|MadSci Network: Biochemistry|
Well, the tests to check iron in the blood are not hard to carry out, but they are VERY hard to interpret. There are so many factors that can impact the values for blood cell and chemistry diagnostics!
Here is a quick answer...
The Copper sulfate test is a screening test for anaemia which is used in
many places to exclude people from donating blood if their blood iron
levels are too low. Also, it is used to identify anemia in pregnancy in
order to improve the chances of a good outcome for the mother and child.
Here is a good research article from Sri Lanka explaining exactly how it
has been done and why it is used. Without knowing more about your project,
I don't think I can say too much more than this article says.
Most of the iron in blood is contained in the red blood cells, so the easiest way to determine iron content is to do a hematocrit. Hematocrit is a measure of the proportion of the blood that is made up of red blood cells. The hematocrit varies quite a lot depending on the gender, age, recent history, etc. of the patient, and low or high hematocrit can be a general indication of anemia (too few red blood cells/ too little iron) or hematochromatosis (too much).
In former times, hematocrit was measured by drawing a fairly large sample of blood from a patient and centrifuging it until the cells were separated and the proportion of red blood cells could be directly observed and measured in a graduated test tube. A modern modification of this technique can be done with very small quantities of blood if a specialized, high speed centrifuge is used. There are obvious dangers involved in drawing human blood -- risk of infection, injury to the patient from the needle, hematoma, etc. So, I cannot recommend hematocrits of humans as a procedure for a school lab. It should be done in a clinical setting only, under the direct supervision of trained medical professionals. If you had a sheep or goat and access to a good centrifuge, you could probably do this without much risk or discomfort to the animal, once you had a training from your local physician or laboratory technologist. No humans, though, without direct supervision by an M.D. or fully trained laboratory professional. Drawing blood from humans is NOT a school activity!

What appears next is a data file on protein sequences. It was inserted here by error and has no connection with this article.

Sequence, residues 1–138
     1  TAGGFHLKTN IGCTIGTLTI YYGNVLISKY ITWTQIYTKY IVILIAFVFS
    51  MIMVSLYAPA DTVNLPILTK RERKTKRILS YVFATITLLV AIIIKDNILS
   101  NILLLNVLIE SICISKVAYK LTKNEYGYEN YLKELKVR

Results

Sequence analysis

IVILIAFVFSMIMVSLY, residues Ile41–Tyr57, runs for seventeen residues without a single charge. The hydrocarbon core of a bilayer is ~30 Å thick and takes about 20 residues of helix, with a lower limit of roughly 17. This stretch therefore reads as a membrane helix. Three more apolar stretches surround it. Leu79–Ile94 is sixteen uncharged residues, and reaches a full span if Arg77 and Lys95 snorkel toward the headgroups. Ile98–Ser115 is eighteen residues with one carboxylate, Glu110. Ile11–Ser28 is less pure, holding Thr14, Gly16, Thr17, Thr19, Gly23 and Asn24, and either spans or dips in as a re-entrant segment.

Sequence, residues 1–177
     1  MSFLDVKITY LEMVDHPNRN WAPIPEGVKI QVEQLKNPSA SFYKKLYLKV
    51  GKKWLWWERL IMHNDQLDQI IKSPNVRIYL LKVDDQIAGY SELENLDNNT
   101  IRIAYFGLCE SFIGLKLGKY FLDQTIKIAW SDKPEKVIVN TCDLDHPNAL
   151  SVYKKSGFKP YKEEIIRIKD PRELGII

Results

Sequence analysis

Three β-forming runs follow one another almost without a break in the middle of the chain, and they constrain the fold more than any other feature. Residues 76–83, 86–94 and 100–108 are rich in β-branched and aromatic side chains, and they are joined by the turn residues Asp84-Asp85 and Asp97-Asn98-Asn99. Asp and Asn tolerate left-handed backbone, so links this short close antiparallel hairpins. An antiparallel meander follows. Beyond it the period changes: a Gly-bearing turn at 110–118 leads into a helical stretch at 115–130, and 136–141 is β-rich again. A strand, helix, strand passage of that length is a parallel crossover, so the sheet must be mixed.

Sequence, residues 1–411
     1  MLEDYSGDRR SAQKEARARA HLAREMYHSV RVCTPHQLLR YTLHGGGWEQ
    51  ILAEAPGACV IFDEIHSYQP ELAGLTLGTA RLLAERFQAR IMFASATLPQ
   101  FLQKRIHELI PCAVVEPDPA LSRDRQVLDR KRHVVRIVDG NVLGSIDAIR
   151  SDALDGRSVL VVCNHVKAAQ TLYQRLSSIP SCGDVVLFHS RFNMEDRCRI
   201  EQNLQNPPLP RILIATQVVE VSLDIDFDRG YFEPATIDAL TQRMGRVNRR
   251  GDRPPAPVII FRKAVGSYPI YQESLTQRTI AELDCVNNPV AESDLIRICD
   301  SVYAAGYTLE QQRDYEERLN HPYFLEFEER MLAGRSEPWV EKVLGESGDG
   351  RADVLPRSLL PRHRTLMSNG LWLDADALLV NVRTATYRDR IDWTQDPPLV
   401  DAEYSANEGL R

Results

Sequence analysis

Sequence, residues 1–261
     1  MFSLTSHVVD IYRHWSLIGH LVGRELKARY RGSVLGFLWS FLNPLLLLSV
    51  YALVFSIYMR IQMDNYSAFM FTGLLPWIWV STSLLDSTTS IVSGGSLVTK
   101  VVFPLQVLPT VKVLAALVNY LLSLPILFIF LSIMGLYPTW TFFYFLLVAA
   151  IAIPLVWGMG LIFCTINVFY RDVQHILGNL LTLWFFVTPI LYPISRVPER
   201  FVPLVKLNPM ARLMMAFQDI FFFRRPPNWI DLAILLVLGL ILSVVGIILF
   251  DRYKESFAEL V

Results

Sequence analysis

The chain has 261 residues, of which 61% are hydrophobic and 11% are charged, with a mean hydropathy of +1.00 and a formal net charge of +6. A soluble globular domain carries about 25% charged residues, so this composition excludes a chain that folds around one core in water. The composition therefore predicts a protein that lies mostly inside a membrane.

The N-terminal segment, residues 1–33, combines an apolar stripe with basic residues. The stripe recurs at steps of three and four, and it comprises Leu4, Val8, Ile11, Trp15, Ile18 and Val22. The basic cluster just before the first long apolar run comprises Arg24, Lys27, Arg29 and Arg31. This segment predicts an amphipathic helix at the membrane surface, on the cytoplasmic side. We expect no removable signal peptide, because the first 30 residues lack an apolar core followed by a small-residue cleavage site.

In sophisticated medical labs with modern equipment, there are diagnostic machines which directly measure the rbc counts in blood and deliver a computer generated report on number and size of the cells without direct human observation of the cells.
Here is a link to a brief hematocrit article at the USA National Library of Medicine http://www.nlm.nih.gov/medlineplus/ency/article/003646.htm
Iron that is not actually within the red blood cells is usually associated with a protein called serum ferritin. The immunoassay test for measuring ferritin and calculating the amount of iron it is carrying requires some complex test kit materials, analtytical equipment (eg spectrophotometers) and meticulous lab technique. Even if you had the equipment, you could spend a lot of money practicing this repeatedly before you got the experience for reliable, repeatable results.
There are MANY complications to doing any kind of study related to blood
iron levels. Many disease states directly and rapidly influence blood cell
and chemistry values. Here is a note from a pharmaceutical company that
lists some of the routinely encountered factors that can make blood values hard to interpret.
This is why it is hardly ever appropriate to make a diagnosis from a single blood sample, because of the all the factors that cause variations in the values, you have to have multiple samples taken over a period of days or weeks or even months.
Dr Matt McConeghy
Try the links in the MadSci Library for more information on Biochemistry.